Liang S.Y.,University of Washington |
Khair H.N.,University of Washington |
McDonald J.R.,University of Washington |
McDonald J.R.,Va Medical Center St Louis |
And 3 more authors.
European Journal of Clinical Microbiology and Infectious Diseases | Year: 2014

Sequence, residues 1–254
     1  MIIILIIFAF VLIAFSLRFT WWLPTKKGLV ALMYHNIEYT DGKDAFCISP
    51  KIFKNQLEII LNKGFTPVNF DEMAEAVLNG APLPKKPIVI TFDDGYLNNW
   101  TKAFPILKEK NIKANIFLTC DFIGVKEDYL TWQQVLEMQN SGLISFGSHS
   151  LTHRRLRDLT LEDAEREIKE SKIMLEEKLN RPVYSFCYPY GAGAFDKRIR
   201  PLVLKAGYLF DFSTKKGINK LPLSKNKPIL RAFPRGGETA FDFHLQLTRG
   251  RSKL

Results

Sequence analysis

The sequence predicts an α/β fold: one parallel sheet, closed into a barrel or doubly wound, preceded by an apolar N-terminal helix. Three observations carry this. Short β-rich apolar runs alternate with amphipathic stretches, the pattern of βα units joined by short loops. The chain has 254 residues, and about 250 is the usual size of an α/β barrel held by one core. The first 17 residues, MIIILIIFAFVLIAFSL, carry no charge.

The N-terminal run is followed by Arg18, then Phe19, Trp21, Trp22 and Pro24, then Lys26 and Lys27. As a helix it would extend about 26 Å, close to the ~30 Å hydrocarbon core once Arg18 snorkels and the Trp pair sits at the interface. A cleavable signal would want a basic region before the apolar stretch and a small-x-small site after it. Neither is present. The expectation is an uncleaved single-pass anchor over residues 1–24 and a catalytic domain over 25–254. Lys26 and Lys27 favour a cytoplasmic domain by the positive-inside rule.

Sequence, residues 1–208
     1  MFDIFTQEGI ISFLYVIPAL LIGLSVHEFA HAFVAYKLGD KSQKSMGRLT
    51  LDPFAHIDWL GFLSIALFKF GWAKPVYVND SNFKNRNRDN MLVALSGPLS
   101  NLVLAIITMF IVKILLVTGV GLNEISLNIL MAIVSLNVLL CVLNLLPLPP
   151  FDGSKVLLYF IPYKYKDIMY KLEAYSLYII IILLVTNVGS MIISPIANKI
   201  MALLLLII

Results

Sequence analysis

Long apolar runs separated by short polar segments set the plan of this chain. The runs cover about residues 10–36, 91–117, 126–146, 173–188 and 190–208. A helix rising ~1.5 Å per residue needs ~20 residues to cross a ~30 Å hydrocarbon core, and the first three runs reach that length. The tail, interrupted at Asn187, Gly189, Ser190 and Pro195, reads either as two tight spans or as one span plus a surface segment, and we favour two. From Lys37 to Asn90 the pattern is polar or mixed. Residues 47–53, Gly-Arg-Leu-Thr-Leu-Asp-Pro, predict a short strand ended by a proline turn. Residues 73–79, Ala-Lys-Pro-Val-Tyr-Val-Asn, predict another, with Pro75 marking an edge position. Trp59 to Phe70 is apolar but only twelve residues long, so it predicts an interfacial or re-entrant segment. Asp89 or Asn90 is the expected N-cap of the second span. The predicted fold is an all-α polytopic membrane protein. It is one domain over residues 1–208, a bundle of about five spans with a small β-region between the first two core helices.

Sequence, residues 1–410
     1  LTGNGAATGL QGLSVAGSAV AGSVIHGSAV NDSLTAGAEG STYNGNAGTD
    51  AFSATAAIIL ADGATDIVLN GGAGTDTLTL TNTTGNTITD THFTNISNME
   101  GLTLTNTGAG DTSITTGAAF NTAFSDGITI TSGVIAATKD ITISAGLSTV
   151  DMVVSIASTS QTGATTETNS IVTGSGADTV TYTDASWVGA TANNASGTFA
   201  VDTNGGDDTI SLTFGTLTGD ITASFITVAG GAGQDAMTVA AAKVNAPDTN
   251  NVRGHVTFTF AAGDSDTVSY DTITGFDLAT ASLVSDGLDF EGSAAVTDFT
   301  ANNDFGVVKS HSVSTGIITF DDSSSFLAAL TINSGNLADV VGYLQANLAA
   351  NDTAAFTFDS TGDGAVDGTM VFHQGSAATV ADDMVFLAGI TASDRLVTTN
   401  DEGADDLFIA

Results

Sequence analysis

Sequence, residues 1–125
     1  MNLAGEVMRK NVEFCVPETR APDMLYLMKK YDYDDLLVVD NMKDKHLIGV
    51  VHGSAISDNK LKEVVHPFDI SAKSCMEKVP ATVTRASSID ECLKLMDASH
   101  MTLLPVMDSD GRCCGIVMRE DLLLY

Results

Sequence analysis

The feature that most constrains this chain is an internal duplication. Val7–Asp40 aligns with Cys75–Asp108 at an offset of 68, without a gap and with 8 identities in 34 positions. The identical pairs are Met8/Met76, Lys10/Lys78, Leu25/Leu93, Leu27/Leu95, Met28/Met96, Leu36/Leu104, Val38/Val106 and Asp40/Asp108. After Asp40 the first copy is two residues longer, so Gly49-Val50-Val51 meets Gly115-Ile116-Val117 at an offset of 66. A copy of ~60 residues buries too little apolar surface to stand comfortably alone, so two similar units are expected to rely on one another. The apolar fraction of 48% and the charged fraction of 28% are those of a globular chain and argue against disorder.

Vancomycin is the standard antibiotic for the treatment of methicillin-resistant Staphylococcus aureus (MRSA) infections. While daptomycin is approved for MRSA bacteremia, its effectiveness in osteoarticular infections (OAIs) has not been established. A 1:2 nested case-control study of adult patients with MRSA OAIs admitted to an academic center from 2005 to 2010 was carried out. Clinical outcomes and drug toxicity in patients treated with daptomycin versus vancomycin were compared. Twenty patients with MRSA OAIs treated with daptomycin were matched to 40 patients treated with vancomycin. The median age of the patients was 52 years (range, 25-90), and 40 (67 %) were male. Most patients had osteomyelitis (82 %), predominantly from a contiguous source (87 %). Forty percent were diabetics. Diabetic patients were more likely to receive vancomycin than daptomycin [20 (50 %) vs. 4 (20 %); p = 0.03]. Vancomycin was more often combined with antibiotics other than daptomycin [22 (55 %) vs. 5 (25 %); p = 0.03]. The median total antibiotic treatment duration was 48 (daptomycin) vs. 46 days (vancomycin) (p = 0.5). Ninety percent of daptomycin-treated patients had previously received vancomycin for a median of 14.5 days (range, 2-36). Clinical success rates were similar between daptomycin and vancomycin at 3 months [15 (75 %) vs. 27 (68 %); p = 0.8] and 6 months [14 (70 %) vs. 23 (58 %); p = 0.5], even after propensity score-based adjustment for antibiotic assignment. The frequency of adverse events was similar between treatment groups [1 (5 %) vs. 7 (18 %); p = 0.2]. Daptomycin and vancomycin achieved similar rates of clinical success and drug tolerability. Daptomycin is a reasonable alternative for treating MRSA OAIs, particularly in patients where therapy with vancomycin has not been well tolerated. © 2013 Springer-Verlag.